Among visitors to the city, Paris clubs have long had a reputation for being snooty places, dominated by posers and deadened by discriminating door policies. But having been victims of their own attitude, many clubs are now trying to tailor their resources to suit the demands of the new generation of club-goers.
"Our parents used to go into discotheques in the late 1970s, but the scene died out in the 1980s," recalls Christophe Vix of FG Radio, one of Paris's dance music stations. This was largely due to the hostile attitude of the French Government, which is notorious for its harsh response to illegal raves, and which banned from the radio every record containing the word acid (bang goes most late-Eighties house music). But now Parisian night-life has bounced back.
"The city is full of new techno and house venues - bars, clubs, raves and concerts - as club culture becomes popular with young Parisians," says Charles Schillings. And young Brits, who grew up with the euphoria of the British club scene in the 1980s, are now catching the Eurostar and cashing in.
Just yards from the somewhat haughty exterior of the classic designer boutiques, Parisians browse enthusiastically in Le Shop (3-5 Rue D'Argout), the only clubwear shop in the capital, now celebrating its first birthday. "For years Paris clubbers have been dressing as if they were going to a wedding, wearing their best clothes, all primped, preened and proper, but finally it's changing," says Daniel Poole, a British designer whose space-age, anti-chic clubwear does a roaring trade.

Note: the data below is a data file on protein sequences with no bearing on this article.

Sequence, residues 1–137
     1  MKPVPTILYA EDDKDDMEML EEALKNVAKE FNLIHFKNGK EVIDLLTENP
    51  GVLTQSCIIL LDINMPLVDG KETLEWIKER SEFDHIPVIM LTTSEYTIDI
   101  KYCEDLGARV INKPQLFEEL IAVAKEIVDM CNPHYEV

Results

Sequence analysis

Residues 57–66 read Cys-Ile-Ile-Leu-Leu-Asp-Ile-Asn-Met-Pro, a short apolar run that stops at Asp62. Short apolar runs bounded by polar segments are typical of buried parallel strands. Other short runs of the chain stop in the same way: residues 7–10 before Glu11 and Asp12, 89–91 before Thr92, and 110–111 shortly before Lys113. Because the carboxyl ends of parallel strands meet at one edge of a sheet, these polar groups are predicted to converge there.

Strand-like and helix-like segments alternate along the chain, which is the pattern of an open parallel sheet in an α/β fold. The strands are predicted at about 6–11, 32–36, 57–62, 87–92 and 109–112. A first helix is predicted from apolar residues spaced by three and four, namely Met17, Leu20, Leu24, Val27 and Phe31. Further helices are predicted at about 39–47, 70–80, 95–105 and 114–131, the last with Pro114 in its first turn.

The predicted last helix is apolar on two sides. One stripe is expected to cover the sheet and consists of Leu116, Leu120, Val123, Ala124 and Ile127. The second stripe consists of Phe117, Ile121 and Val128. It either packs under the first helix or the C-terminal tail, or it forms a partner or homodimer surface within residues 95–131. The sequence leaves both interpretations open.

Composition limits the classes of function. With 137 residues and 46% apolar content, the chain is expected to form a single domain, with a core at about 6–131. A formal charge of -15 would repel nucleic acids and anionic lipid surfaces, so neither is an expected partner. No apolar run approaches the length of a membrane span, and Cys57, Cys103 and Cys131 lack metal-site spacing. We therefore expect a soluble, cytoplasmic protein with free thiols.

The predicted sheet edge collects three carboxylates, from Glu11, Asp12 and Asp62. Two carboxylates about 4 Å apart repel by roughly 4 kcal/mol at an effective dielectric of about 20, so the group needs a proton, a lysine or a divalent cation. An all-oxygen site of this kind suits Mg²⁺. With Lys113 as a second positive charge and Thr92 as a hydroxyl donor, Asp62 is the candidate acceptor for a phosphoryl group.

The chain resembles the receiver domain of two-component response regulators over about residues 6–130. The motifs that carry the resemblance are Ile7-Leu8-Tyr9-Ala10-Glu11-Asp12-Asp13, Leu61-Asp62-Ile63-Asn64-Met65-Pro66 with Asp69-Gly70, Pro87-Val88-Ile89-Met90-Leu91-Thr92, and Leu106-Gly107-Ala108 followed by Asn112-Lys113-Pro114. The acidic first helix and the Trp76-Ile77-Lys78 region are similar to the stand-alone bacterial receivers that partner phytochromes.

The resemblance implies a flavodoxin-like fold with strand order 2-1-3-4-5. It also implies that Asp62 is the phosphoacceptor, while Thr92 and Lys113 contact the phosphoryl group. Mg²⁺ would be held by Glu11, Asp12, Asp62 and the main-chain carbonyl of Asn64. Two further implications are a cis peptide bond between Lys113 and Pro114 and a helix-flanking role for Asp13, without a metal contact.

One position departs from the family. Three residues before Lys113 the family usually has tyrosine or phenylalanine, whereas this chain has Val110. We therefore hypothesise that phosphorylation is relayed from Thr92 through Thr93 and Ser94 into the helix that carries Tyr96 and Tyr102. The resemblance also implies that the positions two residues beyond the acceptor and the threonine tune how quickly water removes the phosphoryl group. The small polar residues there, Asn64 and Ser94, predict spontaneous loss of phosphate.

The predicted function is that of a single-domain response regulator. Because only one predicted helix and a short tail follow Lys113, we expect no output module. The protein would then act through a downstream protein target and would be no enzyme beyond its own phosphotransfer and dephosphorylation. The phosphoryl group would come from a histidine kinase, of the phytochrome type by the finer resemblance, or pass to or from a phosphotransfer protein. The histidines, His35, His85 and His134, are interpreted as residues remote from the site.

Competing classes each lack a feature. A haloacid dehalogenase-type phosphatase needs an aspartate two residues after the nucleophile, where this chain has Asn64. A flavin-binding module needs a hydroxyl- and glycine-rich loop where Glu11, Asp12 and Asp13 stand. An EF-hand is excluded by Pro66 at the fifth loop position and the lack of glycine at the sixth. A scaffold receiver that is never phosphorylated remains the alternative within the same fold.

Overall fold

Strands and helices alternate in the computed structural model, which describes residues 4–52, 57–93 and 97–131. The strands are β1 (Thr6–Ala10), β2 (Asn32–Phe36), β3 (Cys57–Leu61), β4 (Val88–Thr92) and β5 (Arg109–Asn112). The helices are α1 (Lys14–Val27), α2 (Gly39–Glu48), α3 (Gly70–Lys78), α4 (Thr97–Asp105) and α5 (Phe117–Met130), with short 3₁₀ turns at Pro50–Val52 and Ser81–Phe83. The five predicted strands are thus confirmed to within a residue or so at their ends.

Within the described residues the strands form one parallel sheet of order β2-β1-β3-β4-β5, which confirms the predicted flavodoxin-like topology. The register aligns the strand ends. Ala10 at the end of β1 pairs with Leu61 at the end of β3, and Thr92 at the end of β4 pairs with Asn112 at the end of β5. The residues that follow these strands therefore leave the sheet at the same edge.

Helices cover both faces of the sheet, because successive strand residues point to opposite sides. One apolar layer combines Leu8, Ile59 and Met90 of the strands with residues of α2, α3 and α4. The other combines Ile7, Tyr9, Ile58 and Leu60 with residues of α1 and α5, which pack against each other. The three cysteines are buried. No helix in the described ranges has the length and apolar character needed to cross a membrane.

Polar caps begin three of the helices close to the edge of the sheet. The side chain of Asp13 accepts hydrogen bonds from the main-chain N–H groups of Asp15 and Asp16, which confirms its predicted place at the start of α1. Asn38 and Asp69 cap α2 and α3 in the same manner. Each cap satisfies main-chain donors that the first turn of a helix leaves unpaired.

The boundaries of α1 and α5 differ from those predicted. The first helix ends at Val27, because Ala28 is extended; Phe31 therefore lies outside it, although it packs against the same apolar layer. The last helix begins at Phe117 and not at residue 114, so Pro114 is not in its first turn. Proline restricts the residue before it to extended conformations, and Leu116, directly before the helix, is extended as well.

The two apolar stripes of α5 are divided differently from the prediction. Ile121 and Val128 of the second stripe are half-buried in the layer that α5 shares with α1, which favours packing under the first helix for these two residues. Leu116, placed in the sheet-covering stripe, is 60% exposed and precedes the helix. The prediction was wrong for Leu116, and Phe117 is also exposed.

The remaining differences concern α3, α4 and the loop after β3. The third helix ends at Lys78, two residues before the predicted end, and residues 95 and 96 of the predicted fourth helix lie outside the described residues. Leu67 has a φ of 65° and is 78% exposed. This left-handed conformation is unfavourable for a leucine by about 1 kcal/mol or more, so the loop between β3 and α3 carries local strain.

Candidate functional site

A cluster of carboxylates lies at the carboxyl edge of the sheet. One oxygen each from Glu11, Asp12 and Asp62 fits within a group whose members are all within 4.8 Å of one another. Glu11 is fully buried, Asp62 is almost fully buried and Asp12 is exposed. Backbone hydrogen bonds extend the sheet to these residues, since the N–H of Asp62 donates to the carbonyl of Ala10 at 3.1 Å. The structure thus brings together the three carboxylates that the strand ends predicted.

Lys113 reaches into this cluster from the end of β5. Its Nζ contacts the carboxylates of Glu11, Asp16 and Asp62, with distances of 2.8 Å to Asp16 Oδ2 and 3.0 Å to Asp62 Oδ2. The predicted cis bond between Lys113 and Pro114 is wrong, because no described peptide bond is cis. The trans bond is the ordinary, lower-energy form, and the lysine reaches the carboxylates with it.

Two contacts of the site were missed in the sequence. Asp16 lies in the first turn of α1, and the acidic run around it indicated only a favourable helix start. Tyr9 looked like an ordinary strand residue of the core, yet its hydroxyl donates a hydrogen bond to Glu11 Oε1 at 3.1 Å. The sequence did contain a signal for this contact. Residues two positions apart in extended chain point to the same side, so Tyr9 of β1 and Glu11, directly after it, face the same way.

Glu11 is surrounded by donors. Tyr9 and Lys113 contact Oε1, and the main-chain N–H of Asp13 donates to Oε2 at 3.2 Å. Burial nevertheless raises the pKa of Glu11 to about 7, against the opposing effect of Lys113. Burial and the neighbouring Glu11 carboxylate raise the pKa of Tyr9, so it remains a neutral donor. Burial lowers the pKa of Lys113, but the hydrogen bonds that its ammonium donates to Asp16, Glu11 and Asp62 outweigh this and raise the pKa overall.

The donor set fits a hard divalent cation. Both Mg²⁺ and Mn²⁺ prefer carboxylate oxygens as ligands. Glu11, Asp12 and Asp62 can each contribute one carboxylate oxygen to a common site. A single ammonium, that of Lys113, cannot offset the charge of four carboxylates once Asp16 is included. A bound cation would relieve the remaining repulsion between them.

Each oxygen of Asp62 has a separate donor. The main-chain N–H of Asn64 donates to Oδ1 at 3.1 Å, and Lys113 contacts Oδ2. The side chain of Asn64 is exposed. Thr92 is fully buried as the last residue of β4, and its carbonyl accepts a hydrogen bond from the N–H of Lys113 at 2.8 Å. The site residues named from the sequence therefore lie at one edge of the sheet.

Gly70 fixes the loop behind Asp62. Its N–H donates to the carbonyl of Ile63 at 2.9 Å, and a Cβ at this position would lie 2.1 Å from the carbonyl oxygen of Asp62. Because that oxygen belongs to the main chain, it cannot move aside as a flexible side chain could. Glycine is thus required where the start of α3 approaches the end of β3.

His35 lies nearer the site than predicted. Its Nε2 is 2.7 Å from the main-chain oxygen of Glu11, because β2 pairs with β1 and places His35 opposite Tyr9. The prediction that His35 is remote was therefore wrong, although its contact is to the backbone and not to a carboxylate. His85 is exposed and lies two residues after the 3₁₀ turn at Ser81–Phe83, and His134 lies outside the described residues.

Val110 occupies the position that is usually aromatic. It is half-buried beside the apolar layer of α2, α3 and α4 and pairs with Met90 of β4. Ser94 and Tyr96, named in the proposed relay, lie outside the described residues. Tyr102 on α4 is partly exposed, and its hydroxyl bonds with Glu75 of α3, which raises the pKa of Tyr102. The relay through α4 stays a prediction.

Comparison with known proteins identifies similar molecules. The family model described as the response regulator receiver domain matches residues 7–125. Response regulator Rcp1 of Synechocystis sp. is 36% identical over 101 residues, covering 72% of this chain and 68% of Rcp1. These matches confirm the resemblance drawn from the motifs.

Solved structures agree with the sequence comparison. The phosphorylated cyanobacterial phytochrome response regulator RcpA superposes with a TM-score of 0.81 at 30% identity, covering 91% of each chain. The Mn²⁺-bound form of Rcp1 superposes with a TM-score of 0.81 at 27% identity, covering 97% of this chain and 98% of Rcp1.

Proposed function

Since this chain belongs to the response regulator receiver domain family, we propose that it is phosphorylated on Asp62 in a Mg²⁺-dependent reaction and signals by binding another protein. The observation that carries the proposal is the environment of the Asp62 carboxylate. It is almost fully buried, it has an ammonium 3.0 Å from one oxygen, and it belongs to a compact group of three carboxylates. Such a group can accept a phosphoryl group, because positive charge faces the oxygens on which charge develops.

The government is loathe to encourage such channel-hopping; it has now passed a law making it illegal for radio stations to play more than 60 per cent of music featuring non-French lyrics, a step that effectively outlaws the majority of non-instrumental house tracks. "It's like going into reverse gear,'' says Schillings. "I was asked to produce a song in French, but I refused, French is not a language that lends itself to house music."
Luckily, Parisian clubs are free from these strictures. Ben Turner, associate editor of London's Muzik magazine, enthuses about the city's club scene: "Although Paris is still well behind other European cities in club terms, the clubs have got plenty of potential," he remarks. "They're turning out some wicked music, they've got superb venues, good sound systems and they are booking internationally acclaimed DJs who even London clubs can't get - all they need is enthusiasm."
Where to go
Le Palace: 8 Rue du Faubourg, Montmartre. Metro: Rue-Montmartre). Admission F100. Tel: 42 46 10 87.
Opened by Mick Hucknall, this huge converted theatre epitomises much of what is still wrong with the French scene: its roped-off "VIP" section, conspicuously placed between the bar and the dance-floor, where stuffed shirts sip vastly overpriced champagne, is an embodiment of a die-hard elitism. However, good for a dance.
Le Rex Club: 5 Boulevard Poissoniere. Metro: Bonne-Nouvelle. Admission F80. Tel: 42 36 10 96.
This recently re-opened club is the one young Parisians are most proud of, particularly because it is home to Lauren Garnier, Paris's internationally famous producer and DJ. The decor is chrome, orange and ultraviolet; a homage to techno.
Les Folies Pigalle: 11 Place Pigalle. Metro: Pigalle. Admission F100. Tel: 48 78 25 56.
Also popular, this former cabaret theatre retains the spirit of its location - right down to the exotic dancers. Smaller and more intimate than Rex, and with none of the pretensions of Le Palace, it has a young, energetic crowd which thoroughly enjoys DJ Charles Schillings set of irresistible "funky house".
Queen: 102 Avenue des Champs-Elysees. Metro: George V. Admission on Saturday, F80. Tel: 42 89 31 32.
Paris's most famous gay club. "Gay French men are only just waking up to the fact that women exist," Didier Le Strade, the city's leading music journalist, warns; although women are allowed into Queen, their presence is only just tolerated.Reuse content